A dinosaur
a blog by Jarrett Retz

Book Review: All Marketers Are Liars (Tell Stories) by Seth Godin

March 19th, 2022

Lasting Impression

In All Marketers Are Liars, Seth Godin tells a story about why telling stories is so important. The title derives from the claim that people lie to themselves, intentionally or unintentionally, by telling a story to themselves based on a worldview that allows them to buy a product, vote for a politician, or perform other actions.

He has short and insightful things to say about marketing that, at the least, are amusing, and at the most, are revolutionary.

Some of my favorites were:

  • "Most marketing fails."
  • "Be less rational. Create emotional want. "
  • "The process of discovery is more powerful than being told the right answer--because of course there is no right answer, and because even if there were, the consumer wouldn't believe you!"
  • "We don't need what you sell, friend. We buy what we want."

Most marketing spiels I've heard in my life revolve around value:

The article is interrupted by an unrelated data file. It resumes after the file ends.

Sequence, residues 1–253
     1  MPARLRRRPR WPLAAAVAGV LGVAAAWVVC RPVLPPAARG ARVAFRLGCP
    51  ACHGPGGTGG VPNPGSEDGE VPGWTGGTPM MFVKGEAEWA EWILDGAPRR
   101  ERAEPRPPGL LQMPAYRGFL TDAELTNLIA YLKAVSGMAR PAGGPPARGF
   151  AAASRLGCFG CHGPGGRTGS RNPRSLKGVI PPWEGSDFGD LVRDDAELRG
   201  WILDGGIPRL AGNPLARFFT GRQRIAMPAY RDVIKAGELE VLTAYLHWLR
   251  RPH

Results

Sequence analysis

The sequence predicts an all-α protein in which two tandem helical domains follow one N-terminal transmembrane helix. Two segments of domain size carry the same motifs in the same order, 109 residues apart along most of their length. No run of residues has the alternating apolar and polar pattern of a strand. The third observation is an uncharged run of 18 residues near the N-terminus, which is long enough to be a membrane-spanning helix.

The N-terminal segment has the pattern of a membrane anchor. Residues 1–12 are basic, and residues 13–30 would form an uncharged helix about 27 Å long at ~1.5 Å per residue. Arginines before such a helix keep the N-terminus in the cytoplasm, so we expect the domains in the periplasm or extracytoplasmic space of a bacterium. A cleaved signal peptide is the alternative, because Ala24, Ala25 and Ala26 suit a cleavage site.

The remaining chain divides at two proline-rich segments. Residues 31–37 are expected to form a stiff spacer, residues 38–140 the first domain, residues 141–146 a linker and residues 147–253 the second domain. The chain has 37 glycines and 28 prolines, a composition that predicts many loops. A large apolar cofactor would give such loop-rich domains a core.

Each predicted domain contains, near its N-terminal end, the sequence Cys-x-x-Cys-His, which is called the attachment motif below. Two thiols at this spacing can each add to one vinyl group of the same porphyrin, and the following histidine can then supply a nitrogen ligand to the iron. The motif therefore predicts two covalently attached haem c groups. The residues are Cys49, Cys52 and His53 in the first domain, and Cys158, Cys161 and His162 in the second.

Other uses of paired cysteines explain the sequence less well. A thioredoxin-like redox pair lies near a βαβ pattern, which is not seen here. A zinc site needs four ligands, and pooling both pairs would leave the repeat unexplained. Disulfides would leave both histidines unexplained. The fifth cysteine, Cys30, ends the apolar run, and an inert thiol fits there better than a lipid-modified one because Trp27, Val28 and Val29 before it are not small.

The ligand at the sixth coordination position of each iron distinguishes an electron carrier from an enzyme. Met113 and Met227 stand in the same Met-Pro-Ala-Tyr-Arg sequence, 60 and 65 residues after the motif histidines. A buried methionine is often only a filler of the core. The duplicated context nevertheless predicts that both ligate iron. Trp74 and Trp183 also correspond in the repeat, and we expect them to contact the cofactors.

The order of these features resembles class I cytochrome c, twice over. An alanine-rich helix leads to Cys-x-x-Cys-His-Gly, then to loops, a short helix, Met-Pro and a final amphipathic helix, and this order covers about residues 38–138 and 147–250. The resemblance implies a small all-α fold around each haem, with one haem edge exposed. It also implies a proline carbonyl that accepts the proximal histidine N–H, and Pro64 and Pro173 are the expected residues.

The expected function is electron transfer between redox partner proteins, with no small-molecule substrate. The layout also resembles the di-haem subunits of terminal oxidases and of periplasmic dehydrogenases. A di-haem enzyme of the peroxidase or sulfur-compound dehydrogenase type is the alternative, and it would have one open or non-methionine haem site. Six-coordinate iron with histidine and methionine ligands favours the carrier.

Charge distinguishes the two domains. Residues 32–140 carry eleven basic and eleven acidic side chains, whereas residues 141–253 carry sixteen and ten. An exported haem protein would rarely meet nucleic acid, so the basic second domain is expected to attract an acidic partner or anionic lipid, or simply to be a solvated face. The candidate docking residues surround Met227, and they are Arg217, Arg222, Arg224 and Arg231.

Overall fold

• create value
  • show the customer value
  • you must provide value
  • What's the value?

Marketers will try to rationalize their way to value. A good example is a car. Most people don't buy the rational vehicle—as a matter of fact, I believe Godin uses this example in the book—they buy the car that tells the story they believe in (whether it's rational or not).

The important part is telling the right story to the people that want to believe that story.

But don't forget to be authentic.


Seth Godin consistently talks about the importance of authenticity in a business and in marketing. Authenticity solves problems—more accurately—it doesn't create problems.

Essentially, Godin says, authenticity is the lifeblood, and without it, the story dies.

He proves this point brilliantly by confessing to the audience that he didn't write the book. Instead, he paid a freelancer to write it. I read that part thinking, "Oh my gosh, is this true?". I was already starting to feel betrayed, despite my suspicion he was making a point, but it didn't matter. I couldn't unthink the emotion that I may have bought a book not written by Seth Godin but instead by some paid imposter. And for important reasons, it was reassuring to find out that he (actually) wrote the book: authenticity matters.

Consumers know when someone, or something, isn't being authentic, and they don't forgive if they are betrayed.

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